A Longitudinal Study of Glycosylation of a Human IgG3 Paraprotein in a Patient with Multiple Myeloma
The IgG antibody molecule is a structural paradigm for members of the immuoglobulin super family1. Whilst the oligosaccharide moiety of the IgG molecule accounts for only 23% of its mass it has been shown to be essential for optimal activation of effector mechanisms leading to the clearance and destruction of pathogens2, 3, 4. Human antibody molecules of the IgG class have N-linked oligosaccharide attached at the amide side chain of Asn-297 in the heavy chain5. The oligosaccharide moiety is of the complex bianntennary type having a heptasaccharide “core” structure (GlcNAc2Man3GlcNAc2) and variable outer arm “non-core” sugar residues, such as fucose, bisecting N-acetylglucosamine, galactose and sialic acid (Figure 1). The number of variant oligosaccharides that may be attached to heavy chains is 32 (Figure 2) and the total number of possible glycoforms >8006,7. This level of heterogeneity is evident for polyclonal IgG whilst a more restricted heterogeneity may be observed for monoclonal proteins4. In addition, ~30% of polyclonal IgG has been reported to bear a complex N- linked oligosaccharide in the Fab region8. It is apparent, therefore, that glycosylation is a post-translational modification that can introduce a very significant structural and, possibly, functional heterogeneity into the IgG molecule, such that glycoforms can alter the biological activity9.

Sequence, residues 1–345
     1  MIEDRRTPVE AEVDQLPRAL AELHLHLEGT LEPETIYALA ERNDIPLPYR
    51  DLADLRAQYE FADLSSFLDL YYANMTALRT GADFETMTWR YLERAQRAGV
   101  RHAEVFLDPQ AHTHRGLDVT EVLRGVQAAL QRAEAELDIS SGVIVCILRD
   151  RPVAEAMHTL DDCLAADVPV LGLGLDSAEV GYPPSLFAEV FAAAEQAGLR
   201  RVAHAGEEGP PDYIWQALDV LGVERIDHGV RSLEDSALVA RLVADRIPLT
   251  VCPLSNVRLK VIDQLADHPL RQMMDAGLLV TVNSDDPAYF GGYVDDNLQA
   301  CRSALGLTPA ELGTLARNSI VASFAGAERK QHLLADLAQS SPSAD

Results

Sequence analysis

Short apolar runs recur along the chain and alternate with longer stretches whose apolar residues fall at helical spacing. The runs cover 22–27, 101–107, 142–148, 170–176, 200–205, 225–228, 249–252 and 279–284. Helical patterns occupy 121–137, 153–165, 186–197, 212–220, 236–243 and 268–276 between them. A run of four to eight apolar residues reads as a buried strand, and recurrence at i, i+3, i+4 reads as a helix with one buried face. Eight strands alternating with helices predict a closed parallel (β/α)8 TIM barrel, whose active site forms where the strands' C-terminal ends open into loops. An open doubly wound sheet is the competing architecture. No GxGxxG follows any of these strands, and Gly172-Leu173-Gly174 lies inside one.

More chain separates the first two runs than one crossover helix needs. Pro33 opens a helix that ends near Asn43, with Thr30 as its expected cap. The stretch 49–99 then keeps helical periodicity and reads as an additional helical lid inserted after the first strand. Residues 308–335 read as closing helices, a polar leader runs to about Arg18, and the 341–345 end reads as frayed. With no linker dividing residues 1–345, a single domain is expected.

KeywordsMultiple Myeloma Sialic Acid Plateau Phase HPLC Profile Amide Side Chain
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